THE sickly stench of rotting flesh is still overpowering at the cult compound in the village of Rugazi where Ugandan authorities have exhumed nearly 150 bodies, most of them women and children.
The site is one of five mass graves identified since a church inferno two weeks ago claimed the lives of 530 followers of an apocalyptic sect. The smell is so bad that many of the Ugandan prisoners drafted in to clear the graves were yesterday refusing to continue with their grisly task.
As Ugandan police called a temporary halt to the search after uncovering yet another grave, the death toll moved steadily closer to 1,000. It is expected to continue rising after the revelation yesterday by a former sect member that relatives who came searching for missing loved ones were themselves killed with cups of poisoned tea.
A further 4,000 members of the sect are still thought to be missing; there were suggestions yesterday that many of the victims may have come from neighbouring countries.
The death toll from the murders, which police believe were committed over the past three months, now stands at 924. The new figure takes the saga past the number of people who died in the 1978 Jonestown, Guyana, mass suicide. The systematic disposal of cult members' relatives appears to have been carried out at most of the compounds run by the millennial Movement for the Restoration of the Ten Commandments of God. According to a former sect member, it was part of an elaborate plot to prevent members being rescued and revealing the "diabolical deeds" taking place inside the sect. "If a person came to the camp looking for his or her relatives, the cult leaders welcomed them, gave them a seat in the visitor's room and a cup of tea," said the former cult member, who defected before fire swept through the movement's church in Kanungu two weeks ago. "The tea was poisoned. Later, he or she was taken to the cult offices when helpless and thrown into a pit."
This startling testimony came as Ugandan police, overwhelmed by the enormity of their task, said they would not exhume any more bodies until they had reinforced their team with forensic experts. They appealed for international help in their investigations, which have been hampered by a lack of equipment, poor planning and confusion.
Eric Naigambi, a Ugandan police spokesman, said: "From now on, we are going to secure sites and in future, when our logistics are in place, we will get proper clothes and makes sure a pathologist is at hand and materials available.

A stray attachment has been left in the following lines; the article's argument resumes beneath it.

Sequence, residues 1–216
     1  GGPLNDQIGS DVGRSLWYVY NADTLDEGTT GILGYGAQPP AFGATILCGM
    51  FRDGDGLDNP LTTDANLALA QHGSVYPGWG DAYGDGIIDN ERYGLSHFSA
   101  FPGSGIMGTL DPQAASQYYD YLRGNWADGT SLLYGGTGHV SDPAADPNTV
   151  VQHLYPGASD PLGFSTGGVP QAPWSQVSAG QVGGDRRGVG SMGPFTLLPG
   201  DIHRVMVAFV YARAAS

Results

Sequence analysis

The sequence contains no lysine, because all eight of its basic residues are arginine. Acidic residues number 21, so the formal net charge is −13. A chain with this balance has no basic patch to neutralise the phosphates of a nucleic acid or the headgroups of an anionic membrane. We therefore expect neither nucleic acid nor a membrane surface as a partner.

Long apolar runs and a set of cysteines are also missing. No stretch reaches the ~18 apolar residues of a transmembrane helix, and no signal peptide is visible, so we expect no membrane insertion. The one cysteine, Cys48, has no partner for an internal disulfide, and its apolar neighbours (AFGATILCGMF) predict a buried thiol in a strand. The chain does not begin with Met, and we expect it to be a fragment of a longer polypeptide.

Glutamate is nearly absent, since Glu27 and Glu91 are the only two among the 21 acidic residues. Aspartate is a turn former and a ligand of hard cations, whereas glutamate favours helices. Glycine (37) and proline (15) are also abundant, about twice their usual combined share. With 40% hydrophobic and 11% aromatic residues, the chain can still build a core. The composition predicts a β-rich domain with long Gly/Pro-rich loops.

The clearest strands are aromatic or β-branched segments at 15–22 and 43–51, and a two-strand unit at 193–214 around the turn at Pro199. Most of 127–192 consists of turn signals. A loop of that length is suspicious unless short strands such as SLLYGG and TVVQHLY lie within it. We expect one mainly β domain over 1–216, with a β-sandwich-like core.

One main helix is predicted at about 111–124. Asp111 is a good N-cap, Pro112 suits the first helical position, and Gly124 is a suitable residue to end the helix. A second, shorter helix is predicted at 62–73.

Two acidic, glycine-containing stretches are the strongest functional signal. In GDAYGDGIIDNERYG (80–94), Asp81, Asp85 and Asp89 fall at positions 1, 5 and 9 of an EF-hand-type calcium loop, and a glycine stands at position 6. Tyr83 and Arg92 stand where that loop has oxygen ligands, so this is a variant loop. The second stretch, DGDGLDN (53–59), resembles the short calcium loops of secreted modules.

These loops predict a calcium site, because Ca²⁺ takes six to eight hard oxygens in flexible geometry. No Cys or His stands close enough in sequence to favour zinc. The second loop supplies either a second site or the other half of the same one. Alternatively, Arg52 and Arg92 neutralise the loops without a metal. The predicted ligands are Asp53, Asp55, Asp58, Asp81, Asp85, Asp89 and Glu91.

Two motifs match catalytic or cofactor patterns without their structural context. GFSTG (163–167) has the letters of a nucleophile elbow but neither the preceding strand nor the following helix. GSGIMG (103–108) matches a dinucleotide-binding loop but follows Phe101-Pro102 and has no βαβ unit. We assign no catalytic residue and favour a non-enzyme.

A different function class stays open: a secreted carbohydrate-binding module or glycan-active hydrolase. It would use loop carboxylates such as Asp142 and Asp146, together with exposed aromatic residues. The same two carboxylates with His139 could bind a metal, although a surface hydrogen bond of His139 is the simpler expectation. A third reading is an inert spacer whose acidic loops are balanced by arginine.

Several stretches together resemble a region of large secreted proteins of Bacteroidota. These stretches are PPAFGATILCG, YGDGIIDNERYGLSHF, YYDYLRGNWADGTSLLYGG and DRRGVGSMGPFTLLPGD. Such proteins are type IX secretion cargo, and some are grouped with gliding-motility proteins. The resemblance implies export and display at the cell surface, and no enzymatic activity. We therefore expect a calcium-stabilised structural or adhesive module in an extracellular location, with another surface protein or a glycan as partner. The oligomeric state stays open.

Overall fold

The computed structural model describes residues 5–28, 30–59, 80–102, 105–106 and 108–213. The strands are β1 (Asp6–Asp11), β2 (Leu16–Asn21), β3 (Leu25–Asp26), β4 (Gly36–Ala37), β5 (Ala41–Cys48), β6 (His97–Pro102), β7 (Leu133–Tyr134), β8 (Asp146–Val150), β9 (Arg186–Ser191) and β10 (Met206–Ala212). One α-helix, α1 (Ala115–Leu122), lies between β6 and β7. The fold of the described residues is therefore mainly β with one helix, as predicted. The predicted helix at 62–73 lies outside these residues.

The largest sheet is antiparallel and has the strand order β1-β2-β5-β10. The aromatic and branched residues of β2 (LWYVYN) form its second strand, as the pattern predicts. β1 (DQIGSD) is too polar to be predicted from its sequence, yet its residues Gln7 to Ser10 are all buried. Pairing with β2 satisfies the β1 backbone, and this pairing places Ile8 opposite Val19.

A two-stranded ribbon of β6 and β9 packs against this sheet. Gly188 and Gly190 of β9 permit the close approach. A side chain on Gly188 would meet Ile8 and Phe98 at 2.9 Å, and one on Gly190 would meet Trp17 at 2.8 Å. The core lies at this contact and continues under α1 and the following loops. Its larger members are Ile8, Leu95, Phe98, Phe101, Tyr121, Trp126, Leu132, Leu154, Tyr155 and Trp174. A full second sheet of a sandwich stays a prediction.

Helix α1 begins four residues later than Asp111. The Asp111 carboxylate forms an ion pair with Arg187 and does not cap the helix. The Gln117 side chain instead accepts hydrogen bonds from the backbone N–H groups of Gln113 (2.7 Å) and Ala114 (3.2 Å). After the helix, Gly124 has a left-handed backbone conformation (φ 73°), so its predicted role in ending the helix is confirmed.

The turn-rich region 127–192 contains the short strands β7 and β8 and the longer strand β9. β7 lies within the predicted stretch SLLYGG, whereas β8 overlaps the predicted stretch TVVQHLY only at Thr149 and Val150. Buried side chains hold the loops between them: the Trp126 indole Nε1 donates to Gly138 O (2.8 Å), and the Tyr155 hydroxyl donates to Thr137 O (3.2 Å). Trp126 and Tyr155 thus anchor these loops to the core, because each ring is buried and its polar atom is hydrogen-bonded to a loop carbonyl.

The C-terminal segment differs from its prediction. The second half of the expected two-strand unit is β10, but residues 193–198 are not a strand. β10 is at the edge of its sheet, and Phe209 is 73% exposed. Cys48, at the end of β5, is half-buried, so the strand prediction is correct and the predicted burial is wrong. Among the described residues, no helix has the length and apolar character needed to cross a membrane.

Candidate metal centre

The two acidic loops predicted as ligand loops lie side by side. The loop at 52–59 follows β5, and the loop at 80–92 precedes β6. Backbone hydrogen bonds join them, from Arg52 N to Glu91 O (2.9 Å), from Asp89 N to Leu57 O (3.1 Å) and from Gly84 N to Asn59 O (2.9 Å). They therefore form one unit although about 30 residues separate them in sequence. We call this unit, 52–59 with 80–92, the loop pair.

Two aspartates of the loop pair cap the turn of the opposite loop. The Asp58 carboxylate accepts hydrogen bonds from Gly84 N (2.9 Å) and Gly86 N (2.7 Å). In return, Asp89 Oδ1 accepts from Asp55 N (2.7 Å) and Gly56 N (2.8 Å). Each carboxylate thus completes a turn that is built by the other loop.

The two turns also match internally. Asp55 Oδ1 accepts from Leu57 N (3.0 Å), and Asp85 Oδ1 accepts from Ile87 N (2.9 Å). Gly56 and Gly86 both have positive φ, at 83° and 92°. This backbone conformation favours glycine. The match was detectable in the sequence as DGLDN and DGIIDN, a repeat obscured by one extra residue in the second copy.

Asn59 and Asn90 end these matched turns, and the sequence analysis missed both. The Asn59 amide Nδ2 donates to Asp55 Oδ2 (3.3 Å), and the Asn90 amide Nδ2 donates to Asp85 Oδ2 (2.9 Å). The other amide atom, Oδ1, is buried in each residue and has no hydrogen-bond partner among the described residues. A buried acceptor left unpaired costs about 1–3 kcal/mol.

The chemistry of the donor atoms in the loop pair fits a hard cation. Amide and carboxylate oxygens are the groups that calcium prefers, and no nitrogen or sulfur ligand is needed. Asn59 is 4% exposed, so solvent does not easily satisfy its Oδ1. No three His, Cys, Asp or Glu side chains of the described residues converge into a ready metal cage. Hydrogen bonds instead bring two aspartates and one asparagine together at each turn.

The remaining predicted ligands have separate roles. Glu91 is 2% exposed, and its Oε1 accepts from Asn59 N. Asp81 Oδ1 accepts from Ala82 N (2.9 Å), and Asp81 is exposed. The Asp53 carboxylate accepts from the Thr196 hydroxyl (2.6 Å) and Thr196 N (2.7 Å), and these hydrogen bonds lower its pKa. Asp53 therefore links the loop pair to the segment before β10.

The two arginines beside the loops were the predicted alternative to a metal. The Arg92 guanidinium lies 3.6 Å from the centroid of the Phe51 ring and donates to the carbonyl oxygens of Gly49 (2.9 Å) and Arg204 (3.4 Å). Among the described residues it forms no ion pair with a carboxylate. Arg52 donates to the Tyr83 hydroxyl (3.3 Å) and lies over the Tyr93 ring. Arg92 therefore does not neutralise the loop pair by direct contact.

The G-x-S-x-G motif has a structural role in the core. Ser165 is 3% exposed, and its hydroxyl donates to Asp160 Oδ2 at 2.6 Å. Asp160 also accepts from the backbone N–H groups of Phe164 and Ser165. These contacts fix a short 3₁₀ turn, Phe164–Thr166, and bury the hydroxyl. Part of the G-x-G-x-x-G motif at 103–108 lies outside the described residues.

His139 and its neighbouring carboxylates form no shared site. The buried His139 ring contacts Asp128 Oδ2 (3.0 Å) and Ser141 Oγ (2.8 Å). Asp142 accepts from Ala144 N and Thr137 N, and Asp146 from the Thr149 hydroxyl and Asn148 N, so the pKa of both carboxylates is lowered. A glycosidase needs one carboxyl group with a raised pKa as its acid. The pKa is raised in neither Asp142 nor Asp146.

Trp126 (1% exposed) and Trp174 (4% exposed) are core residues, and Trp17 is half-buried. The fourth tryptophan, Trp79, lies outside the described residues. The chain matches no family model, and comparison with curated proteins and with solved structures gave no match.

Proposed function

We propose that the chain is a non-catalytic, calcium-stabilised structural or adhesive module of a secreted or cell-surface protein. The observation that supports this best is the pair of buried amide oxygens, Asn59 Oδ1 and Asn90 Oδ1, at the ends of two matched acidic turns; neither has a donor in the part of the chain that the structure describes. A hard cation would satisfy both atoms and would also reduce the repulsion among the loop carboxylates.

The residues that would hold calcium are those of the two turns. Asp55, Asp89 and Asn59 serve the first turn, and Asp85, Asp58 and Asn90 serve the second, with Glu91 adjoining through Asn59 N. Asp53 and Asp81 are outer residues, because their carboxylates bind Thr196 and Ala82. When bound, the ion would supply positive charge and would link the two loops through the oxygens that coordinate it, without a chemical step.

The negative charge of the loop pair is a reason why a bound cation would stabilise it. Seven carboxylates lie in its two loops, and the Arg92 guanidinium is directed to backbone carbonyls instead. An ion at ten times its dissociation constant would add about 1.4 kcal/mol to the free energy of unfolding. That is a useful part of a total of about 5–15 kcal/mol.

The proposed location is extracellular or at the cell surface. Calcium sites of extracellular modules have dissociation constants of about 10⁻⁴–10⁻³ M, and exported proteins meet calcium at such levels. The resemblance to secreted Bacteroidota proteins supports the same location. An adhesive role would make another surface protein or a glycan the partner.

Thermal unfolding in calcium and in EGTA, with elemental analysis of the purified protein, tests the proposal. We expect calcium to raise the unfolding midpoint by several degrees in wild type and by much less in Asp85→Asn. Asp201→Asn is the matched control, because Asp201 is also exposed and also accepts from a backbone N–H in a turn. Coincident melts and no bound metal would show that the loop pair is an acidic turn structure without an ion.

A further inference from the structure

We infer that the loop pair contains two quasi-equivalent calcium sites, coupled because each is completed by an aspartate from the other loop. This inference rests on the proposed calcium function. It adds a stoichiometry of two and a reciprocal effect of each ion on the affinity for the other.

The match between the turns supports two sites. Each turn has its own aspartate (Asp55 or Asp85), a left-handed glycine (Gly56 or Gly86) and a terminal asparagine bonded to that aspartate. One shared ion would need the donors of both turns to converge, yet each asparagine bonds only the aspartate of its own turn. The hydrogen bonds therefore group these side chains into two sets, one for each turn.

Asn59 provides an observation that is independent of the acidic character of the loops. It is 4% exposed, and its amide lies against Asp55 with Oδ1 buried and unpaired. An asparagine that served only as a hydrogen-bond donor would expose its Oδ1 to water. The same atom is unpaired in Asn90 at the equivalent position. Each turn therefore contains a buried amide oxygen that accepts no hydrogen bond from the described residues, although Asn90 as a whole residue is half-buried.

"This is because it has looked like we have just been compiling statistics and then reburying in the same manner as the cult leaders." The discovery of a fifth mass grave, in Kyata, near the southwestern town of Fort Portal, came as police made another arrest, their second since the Kanungu church fire two weeks ago. Joseph Ssettuba Assemande, otherwise known as "The Bishop", was arrested in the southwestern district of Rakai. It was not immediately clear whether he had an active role in the sect. The Ugandan authorities are struggling to understand how and why so many people met their deaths at the hands of Joseph Kibwetere, the cult leader described by his estranged wife as "a loving father and husband". They are now convinced that the killings began in an attempt to prevent mass defections by people who had demanded their money and possessions back: they were required to surrender them on joining Mr Kibwetere's apocalyptic movement.
However, they are astonished that a handful of cult leaders could murder so many people without anyone suspecting foul play until six mutilated bodies were discovered at the Kanungu church's pit latrines days later. It now seems that explosives, petrol and acid were placed in the church to ensure that everyone inside was killed in the blaze as quickly as possible after consuming poisoned bread and wine at the altar. Since the Kanungu church blaze there have been almost daily discoveries of more bodies as police have embarked on the macabre search for the sect's victims. Since last Friday, nearly 400 bodies, most of them strangled and the vast majority women and children, have been pulled out of five mass graves.
It has also emerged that the millennial cult leaders spent thousands of pounds on radio advertisements seeking new converts in the run-up to the fire which consumed more than 500 of their followers on March 17.
The radio advertisements began in early December, announcing that the world would come to an end on December 31, 1999, and that anyone who wanted to go to heaven should join the cult before the arrival of Armageddon. When the end of the world failed to materialise, the advertisements continued until a week before the Kanungu church fire.
Police suspect that the cult leaders may have hired or trained people to carry out the murders in the final weeks leading up to the church inferno. "They must have had hired killers," George Kinyata, a local member of parliament said. "For a priest to kill this number of people he must have been wild or crazy."
Police said an unknown number of victims are believed to have come from Rwanda, Tanzania, and Kenya, where Mr Kibwetere had recently opened new sect branches.
A nationwide manhunt is still underway for Mr Kibwetere and for Cledonia Mwerinde, a former prostitute and co-leader of the sect, both of whom are believed to have escaped before the Kanungu church fire.